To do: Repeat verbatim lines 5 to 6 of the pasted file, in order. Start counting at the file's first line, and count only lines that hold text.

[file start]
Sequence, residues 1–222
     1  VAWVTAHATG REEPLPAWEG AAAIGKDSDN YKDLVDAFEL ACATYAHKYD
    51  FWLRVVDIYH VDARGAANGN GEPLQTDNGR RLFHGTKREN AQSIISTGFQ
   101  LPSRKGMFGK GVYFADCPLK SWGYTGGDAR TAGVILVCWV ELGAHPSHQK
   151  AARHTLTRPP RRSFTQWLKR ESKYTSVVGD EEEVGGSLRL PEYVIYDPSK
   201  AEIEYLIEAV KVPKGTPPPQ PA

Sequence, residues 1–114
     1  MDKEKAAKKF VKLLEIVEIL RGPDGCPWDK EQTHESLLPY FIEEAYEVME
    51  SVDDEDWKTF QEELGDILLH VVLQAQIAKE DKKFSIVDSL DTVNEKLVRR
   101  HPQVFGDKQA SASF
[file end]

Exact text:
   151  AARHTLTRPP RRSFTQWLKR ESKYTSVVGD EEEVGGSLRL PEYVIYDPSK
   201  AEIEYLIEAV KVPKGTPPPQ PA